Rob Ventura's Commentary on Romans, pt. 3
: Rob Ventura has provided us with a chapter from his forthcoming Mentor Commentary on the Book of Romans. We are thankful for the opportunity to share it with you. Our plan is to run segments of chapter 12 throughout the coming months. Enjoy!
Text: Rom. 12:9-21
General theme: Authentic Christianity
Homiletical outline of the verses:
A. Paul’s practical directives 9 Let love be without hypocrisy. Abhor what is evil. Cling to what is good. 10 Be kindly affectionate to one another with brotherly love, in honor giving preference to one another; 11 not lagging in diligence, fervent in spirit, serving the Lord; 12 rejoicing in hope, patient in tribulation, continuing steadfastly in prayer; 13 distributing to the needs of the saints, given to hospitality. 14 Bless those who persecute you; bless and do not curse. 15 Rejoice with those who rejoice, and weep with those who weep. 16 Be of the same mind toward one another. Do not set your mind on high things, but associate with the humble. Do not be wise in your own opinion. 17 Repay no one evil for evil. Have regard for good things in the sight of all men. 18 If it is possible, as much as depends on you, live peaceably with all men. 19 Beloved, do not avenge yourselves, but rather give place to wrath; for it is written, “Vengeance is Mine, I will repay,” says the Lord. 20 Therefore
“If your enemy is hungry, feed him;
If he is thirsty, give him a drink;
For in so doing you will heap coals of fire on his head.”
21 Do not be overcome by evil, but overcome evil with good.
Summary of section: In these verses, Paul shows what true gospel transformation looks like in the lives of God’s people. Far from leaving us wondering about this matter, he fleshes out for us in concrete ways how we, who have been redeemed by the blood of Christ should live toward believers within the household of faith (vv. 9-13), and then also how we should live toward unbelievers outside the household of faith (vv. 14-21). This topic is crucial for us to comprehend if we would honor Christ and the gospel in the world. Thus, this last section in this chapter does not consist of some random list of disconnected directives as some might think. Rather, it shows us very practically and clearly what authentic Christianity looks like in action. These verses show us in a series of “short, sharp, tweet-length statements” what genuine Christianity is all about ethically speaking. As Paul begins his topic, it is noteworthy that he begins with the subject of love. Love is his starting point, as it should be for us as well. Love is that which is “the cement of the saints, and the bond of perfectness, without which all the gifts that men have, the profession they make, and works they do are of no avail, and they themselves nothing.” As Vaughan and Corley note,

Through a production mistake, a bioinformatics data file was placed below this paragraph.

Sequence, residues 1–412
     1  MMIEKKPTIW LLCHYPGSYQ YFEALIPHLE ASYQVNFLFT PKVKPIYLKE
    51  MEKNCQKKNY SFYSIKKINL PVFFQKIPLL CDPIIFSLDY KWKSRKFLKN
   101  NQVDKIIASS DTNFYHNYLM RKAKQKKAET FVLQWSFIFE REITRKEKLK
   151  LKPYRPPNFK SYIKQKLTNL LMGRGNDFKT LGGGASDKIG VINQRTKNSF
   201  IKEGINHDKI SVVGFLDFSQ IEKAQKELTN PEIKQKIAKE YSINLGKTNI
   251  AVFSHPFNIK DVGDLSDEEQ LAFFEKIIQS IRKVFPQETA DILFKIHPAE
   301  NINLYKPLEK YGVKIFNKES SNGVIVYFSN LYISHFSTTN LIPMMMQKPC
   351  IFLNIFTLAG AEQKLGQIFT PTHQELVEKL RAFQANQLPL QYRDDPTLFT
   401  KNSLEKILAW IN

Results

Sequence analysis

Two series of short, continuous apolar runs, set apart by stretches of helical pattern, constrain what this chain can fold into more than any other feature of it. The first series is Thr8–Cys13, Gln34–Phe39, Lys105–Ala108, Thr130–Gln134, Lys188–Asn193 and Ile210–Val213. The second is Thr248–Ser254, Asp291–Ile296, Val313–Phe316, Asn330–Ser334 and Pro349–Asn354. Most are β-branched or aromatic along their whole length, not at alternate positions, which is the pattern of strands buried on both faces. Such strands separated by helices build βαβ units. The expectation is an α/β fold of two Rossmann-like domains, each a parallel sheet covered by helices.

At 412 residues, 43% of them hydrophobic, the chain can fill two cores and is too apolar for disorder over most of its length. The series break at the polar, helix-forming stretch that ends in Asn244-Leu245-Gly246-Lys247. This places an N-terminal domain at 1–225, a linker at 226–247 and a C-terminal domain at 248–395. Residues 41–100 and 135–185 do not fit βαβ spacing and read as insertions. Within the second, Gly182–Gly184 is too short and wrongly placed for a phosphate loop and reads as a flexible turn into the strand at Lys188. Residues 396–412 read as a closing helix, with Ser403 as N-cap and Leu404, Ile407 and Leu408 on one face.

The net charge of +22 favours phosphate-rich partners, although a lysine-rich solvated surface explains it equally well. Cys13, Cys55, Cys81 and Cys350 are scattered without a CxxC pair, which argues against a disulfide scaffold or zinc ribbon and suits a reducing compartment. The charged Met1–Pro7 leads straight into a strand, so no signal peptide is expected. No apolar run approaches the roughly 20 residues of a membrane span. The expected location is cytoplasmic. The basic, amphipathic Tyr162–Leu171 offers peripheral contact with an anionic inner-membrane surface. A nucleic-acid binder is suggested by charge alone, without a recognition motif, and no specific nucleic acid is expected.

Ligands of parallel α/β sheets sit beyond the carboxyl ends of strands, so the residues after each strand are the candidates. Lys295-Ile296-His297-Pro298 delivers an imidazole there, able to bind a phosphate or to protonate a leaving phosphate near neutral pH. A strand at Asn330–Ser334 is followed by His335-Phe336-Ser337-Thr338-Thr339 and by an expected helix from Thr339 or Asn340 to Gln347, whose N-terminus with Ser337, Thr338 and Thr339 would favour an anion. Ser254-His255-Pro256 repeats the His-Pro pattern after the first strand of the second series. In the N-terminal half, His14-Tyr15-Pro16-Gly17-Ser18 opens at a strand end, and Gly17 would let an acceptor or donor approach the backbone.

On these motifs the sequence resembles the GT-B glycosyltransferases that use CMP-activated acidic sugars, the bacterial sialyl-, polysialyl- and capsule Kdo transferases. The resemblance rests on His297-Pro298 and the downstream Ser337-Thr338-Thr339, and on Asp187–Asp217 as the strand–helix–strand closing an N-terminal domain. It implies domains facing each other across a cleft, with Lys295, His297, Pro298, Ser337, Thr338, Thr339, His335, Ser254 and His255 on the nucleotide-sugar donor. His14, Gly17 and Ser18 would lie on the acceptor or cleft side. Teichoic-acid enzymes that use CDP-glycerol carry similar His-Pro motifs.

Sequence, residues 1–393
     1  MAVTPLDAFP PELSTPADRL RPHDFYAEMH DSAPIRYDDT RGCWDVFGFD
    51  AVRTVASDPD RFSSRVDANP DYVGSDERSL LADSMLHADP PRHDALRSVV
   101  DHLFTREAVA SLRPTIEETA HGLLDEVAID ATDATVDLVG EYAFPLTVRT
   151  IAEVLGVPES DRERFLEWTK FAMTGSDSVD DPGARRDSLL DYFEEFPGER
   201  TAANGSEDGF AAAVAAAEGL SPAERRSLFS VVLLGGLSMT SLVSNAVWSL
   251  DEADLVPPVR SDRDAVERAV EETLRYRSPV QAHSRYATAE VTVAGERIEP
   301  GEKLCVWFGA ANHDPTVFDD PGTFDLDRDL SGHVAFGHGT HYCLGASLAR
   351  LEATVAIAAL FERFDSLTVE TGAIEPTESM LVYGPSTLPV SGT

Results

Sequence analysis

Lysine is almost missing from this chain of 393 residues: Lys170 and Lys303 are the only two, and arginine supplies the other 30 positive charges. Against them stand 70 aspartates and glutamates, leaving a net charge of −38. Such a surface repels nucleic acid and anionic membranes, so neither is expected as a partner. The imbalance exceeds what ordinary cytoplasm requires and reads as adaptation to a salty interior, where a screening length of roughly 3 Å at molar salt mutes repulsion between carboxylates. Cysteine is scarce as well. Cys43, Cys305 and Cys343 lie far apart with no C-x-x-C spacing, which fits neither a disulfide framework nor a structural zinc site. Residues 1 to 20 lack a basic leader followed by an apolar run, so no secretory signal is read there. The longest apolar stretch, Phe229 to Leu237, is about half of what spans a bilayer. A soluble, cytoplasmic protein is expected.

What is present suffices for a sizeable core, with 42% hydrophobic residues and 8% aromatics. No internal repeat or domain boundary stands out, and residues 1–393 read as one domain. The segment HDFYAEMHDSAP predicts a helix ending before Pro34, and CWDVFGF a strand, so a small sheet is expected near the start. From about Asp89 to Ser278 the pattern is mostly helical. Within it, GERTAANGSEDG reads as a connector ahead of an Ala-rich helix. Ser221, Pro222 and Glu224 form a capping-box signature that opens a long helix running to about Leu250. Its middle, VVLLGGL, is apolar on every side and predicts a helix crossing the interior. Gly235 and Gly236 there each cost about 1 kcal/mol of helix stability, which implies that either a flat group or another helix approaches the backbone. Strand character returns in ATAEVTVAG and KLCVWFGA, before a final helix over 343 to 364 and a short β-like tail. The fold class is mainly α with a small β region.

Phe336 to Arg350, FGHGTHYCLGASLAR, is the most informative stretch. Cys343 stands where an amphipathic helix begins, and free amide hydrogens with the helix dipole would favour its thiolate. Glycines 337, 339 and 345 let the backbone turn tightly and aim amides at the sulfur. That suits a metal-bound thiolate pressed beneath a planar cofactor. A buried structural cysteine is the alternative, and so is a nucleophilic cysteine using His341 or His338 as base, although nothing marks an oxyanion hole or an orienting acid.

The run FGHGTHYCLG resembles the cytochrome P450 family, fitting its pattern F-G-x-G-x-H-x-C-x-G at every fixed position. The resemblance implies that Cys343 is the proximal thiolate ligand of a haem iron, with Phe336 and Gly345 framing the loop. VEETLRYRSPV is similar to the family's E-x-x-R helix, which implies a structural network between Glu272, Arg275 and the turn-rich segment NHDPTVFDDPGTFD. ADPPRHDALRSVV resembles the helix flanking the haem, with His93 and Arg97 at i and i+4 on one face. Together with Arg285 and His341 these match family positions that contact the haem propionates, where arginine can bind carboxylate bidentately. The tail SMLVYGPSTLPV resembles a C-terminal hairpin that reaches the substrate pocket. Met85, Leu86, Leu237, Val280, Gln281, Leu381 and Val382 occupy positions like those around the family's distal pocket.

After considering the importance of humility and spiritual gifts, Paul is now ready to show us “a more excellent way” (1 Cor. 12:31). The sequence of ideas is exactly similar to that of 1 Cor. 12, 13, and obviously suggested by it. In the section that follows, love is the ruling thought, but Paul does not entangle it in the sloppy sentimentalism that haunts the word in modern religious talk. It is first of all love “without hypocrisy” (v. 9a), that is, “sincere,” “genuine.” In the ministry of the church, the Christian’s love must be the real thing, not counterfeit. . . . . We can best define the all-embracing character of unfeigned love by briefly commenting on its active features.
 It may be that Paul was specifically led by the Holy Spirit to address these various topics with the church at Rome because they were falling short of these matters in their midst. Moo discusses this possibility, along with others on pages 771-774 in his commentary.
 Bird, p. 430.
 Online commentary: www.biblestudytools.com/gills-exposition-of-the-bible/romans-5-11.html.
 Curtis Vaughan and Bruce Corley, Bible Study Commentary Romans p. 141.